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Former All Black Charles Piutau's long-held dream of representing Tonga could finally become reality at the upcoming Olympic Sevens qualifier in Monaco.
Players with dual eligibility can switch their international allegiance by participating in Olympic qualifying events provided they had a passport for the second country and have completed a stand down period of three years.
Piutau played the last of his 17 tests for the All Blacks in 2015 and first stated four years ago that he would love to represent his Tongan heritage.
Tonga sevens coach, Tevita Tu'ifua, said after a couple of false starts the signs are promising that a number of former All Blacks and Wallabies stars could pull on the red jersey in June.
"That's a dream for me, to be able to have that opportunity to be given to those guys who have been playing for the All Blacks or the Wallabies that are based over in Europe, to have the opportunity if they change their mind to make themselves available for the 'Ikale Tahi, this is the opportunity for them."
Tonga have had previous success using the Olympic loophole, with Cooper Vuna, Atieli Pakalani and Nafi Tuitivake all switching their allegiance from Australia and New Zealand via the sevens route.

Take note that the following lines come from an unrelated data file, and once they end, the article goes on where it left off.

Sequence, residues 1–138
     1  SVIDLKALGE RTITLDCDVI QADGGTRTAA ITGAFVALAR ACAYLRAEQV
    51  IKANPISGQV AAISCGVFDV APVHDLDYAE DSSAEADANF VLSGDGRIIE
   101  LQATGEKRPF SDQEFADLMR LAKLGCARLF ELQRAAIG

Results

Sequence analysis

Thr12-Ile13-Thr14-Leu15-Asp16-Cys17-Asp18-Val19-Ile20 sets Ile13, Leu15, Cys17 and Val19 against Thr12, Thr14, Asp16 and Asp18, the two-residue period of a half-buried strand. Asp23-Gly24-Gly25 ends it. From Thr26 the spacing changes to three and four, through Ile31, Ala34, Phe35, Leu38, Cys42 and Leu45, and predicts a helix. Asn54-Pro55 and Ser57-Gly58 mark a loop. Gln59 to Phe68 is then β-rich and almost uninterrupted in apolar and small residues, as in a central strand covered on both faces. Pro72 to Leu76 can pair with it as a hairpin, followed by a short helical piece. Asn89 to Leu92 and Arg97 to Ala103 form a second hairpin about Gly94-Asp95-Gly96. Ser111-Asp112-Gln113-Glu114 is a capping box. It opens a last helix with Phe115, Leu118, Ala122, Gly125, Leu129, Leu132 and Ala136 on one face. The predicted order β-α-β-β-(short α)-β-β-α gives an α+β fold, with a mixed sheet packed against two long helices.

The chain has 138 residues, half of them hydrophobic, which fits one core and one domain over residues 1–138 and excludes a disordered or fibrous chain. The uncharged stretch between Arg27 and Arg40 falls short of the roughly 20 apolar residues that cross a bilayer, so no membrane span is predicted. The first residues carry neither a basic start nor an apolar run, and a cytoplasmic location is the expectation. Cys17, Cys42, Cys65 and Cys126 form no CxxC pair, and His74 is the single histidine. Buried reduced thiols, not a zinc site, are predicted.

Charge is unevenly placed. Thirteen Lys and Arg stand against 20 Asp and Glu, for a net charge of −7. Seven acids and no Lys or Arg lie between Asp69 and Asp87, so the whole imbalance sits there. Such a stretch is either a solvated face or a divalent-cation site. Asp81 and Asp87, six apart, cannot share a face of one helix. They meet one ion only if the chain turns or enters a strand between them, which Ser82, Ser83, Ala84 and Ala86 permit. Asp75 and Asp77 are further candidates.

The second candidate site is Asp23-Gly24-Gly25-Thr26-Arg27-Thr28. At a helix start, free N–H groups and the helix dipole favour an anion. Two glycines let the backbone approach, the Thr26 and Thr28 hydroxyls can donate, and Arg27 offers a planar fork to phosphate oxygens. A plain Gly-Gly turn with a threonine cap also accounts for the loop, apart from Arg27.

A former Tonga Under 20 representative, Piutau had been set to debut for Tonga at the Oceania Sevens in Fiji two years ago. The Bristol Bears fullback completed all his paperwork but didn't receive the green light to take the field until a few days before the tournament kicked off.
"It was very short notice that we received a reply from World Rugby - it was on the second day of the tournament week we got the green light from World Rugby," explained Tonga sevens coach Tevita Tu'ifua.
"So Charles was just too late to come from Europe to Fiji, as you have to play 50 percent of the tournament. This opportunity for this tournament is an opportunity for Charles and even Malakai Fekitoa and the like. There's quite a few of them that are based up there."
Former New Zealand sevens player Sam Vaka made it onto the field in Suva and Tu'ifua and hoped European-based stars like Piutau and Fekitoa could follow in his footsteps.
"He arrived in Fiji on the second day of the tournament. He played in more than 50 percent of our games so now he's eligible so it's just a dream and I hope that the players we are working on we will be able to change their mind have the opportunity to take it on and to represent our country."
Players switching their allegience only need to feature in half of a team's matches at the Olympic qualifying event, and would then be eligible to play for the 'Ikale Tahi 15-a-side team.
Tevita Tu'ifua played 15 tests for Tonga, representing the kingdom at the 2003 and 2007 Rugby World Cups. The former national sevens star said if a few high profile players can switch their allegiance to Tonga it could lead to a seismic shift in international rugby.
"It will be massive for Tonga: for the people and also for the rugby itself and that's why I think (former 'Ikale Tahi coach) Toutai Kefu started the pushing through of the players in the list we are working on," he said.
"And still behind the scenes Toutai is still pushing through and communicating with the players and hopefully we will get a few numbers and be able to give them the opportunity.".
SOURCE: RNZ PACIFIC/PACNEWS
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